About Dr. John D. Rioux

Dr. Rioux, PhD, is an Associate Professor of Medicine at the Université de Montréal and at the Montreal Heart Institute where he works as a researcher and director of the Laboratory in Genetics and Genomic Medicine of Inflammation (, as well as visiting scientist at the Broad Institute of MIT and Harvard, and holder of the Canada Research Chair in Genetics and Genomic Medicine of Inflammation.

About the Montreal Heart Institute

Founded in 1954, the Montreal Heart Institute is Canada's largest and oldest institution dedicated to research, education and clinical care of cardiovascular diseases. It is affiliated with the Université de Montréal and constantly aims for the highest standards of excellence through its leadership in prevention, ultra-specialized care, professional training, clinical and basic research, and development of new innovative treatments. The MHI Research Centre officially came into existence in 1976 and has made enormous strides since its creation. Today, there are approximately 500 employees, students and researchers at the MHI Research Centre. The MHI's outstanding feature is the balance it achieves between basic research, clinical research and clinical care. Its prime focus areas of research are vascular diseases, myocardial function and electrophysiology. Genomics (including pharmacogenomics), biomarkers and preventive cardiology are other areas of focus. To learn more about the Institute, please visit our website at

About the Université de Montréal

Deeply rooted in Montreal and dedicated to its international mission, the Université de Montréal is one of the top universities in the French-speaking world. Founded in 1878, the Université de Montréal today has 13 faculties and together with its two affiliated schools, HEC Montréal and École Polytechnique, constitutes the largest centre of higher education and research in Québec, the second largest in Canada, and one of the major centres in North America. It brings together 2,500 professors and researchers, accommodates more than 55,000 students, offers some 650 programs at all academic levels, and awards about 3,000 masters and doctorate diplomas each year.

Genome-wide association study identifies new susceptibility loci for Crohn disease and implicates autophagy in disease pathogenesis

John D. Rioux1,2, Ramnik J. Xavier3, Kent D. Taylor4, Mark S. Silverberg5, Philippe Goyette1, Alan Huett3, Todd Green2, Petric Kuballa3, M. Michael Barmada6, Lisa Wu Datta7, Yin Yao Shugart8, Anne M. Griffiths9, Stephan R. Targan4, Andrew F. Ippoliti4, Edmond-Jean Bernard10, Ling Mei4, Dan L. Nicolae11, Miguel Regueiro12, L. Philip Schumm13, A. Hillary Steinhart5, Jerome I. Rotter4, Richard H. Duerr6,12, Judy H. Cho14,16, Mark J. Daly2,15,16, Steven R. Brant7,8,16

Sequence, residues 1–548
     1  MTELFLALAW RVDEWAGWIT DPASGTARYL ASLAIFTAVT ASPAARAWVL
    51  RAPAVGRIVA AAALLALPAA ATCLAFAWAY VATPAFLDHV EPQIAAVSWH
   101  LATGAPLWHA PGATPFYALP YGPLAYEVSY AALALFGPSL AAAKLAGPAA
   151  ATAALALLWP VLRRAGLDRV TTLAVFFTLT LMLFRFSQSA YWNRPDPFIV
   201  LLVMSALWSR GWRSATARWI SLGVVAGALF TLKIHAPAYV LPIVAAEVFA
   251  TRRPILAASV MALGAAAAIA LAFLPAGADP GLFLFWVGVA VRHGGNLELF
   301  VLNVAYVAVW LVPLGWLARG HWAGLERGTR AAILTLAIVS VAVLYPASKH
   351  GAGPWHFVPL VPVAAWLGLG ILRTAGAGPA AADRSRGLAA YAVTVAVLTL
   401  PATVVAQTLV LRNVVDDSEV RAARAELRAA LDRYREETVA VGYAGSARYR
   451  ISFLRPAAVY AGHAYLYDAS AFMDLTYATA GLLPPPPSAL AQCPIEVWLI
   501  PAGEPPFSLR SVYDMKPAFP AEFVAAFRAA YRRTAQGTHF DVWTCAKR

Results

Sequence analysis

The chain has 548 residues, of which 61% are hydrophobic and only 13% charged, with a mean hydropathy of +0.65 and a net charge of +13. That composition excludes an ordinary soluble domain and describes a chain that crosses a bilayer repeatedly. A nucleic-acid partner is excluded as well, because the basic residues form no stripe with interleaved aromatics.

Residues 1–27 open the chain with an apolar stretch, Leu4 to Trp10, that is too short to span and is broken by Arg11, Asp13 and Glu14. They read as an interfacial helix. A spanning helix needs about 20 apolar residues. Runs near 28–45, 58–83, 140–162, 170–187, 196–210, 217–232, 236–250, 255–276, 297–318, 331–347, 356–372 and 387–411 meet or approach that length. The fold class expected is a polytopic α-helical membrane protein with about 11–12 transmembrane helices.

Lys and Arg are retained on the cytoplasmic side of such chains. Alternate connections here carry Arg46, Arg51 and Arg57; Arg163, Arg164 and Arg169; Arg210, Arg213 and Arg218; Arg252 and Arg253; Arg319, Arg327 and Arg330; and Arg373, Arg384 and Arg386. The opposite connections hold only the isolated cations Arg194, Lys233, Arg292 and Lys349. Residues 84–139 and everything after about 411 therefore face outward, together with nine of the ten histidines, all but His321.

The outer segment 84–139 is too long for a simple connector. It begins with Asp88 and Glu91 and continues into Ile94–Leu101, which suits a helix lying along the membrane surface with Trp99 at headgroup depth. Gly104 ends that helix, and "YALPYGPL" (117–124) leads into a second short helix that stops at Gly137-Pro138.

1. Université de Montréal and the Montreal Heart Institute, Research Center, 5000 rue Belanger, Montreal, Quebec H1T 1C8, Canada
  2. The Broad Institute of MIT and Harvard, 7 Cambridge Center, Cambridge, MA 02142, USA
  3. Gastrointestinal Unit and Center for Computational and Integrative Biology, Massachusetts General Hospital, Harvard Medical School, 185 Cambridge Street, Boston, MA 02114, USA
  4. Medical Genetics Institute and IBD Center, Cedars-Sinai Medical Center, 665 W, 8700 W. Beverly Blvd., Los Angeles, CA 90048, USA
  5. Mount Sinai Hospital IBD Centre, University of Toronto, 441-600 University Avenue, Toronto, Ontario M5G 1X5, Canada
  6. University of Pittsburgh, Graduate School of Public Health, Department of Human Genetics, Crabtree A300, 130 Desoto Street, Pittsburgh, PA 15261, USA
  7. Johns Hopkins University, Department of Medicine, Harvey M. and Lyn P. Meyerhoff Inflammatory Bowel Disease Center, 1503 East Jefferson Street, Baltimore, MD 21231, USA
  8. Johns Hopkins University, Bloomberg School of Public Health, Department of Epidemiology, 615 E. Wolfe Street E6036, Baltimore, MD 21205, USA
  9. The Hospital for Sick Children, Department of Pediatrics, 555 University Avenue, Toronto, Ontario M5G 1X8, Canada
  10. Université de Montréal and CHUM - Hôtel-Dieu de Montréal, 3875 Saint-Urbain Street, Montreal, Quebec H2W 1V1, Canada
  11. University of Chicago, Department of Medicine, 5801 South Ellis, Chicago, IL 60637, USA
  12. University of Pittsburgh, School of Medicine, Department of Medicine, Division of Gastroenterology, Hepatology and Nutrition, UPMC Presbyterian, Mezzanine Level, C-Wing, 200 Lothrop Street, Pittsburgh, PA 15213, USA
  13. University of Chicago, Department of Health Studies, 5841 S. Maryland Avenue, Chicago, IL 60637, USA
  14. Yale University, Department of Medicine, Division of Gastroenterology, IBD Center, 300 Cedar Street S155A, New Haven, CT 06519, USA
  15. Center for Human Genetic Research, Massachusetts General Hospital, Harvard Medical School, 185 Cambridge Street, Boston, MA 02114, USA
  16. These authors share senior position.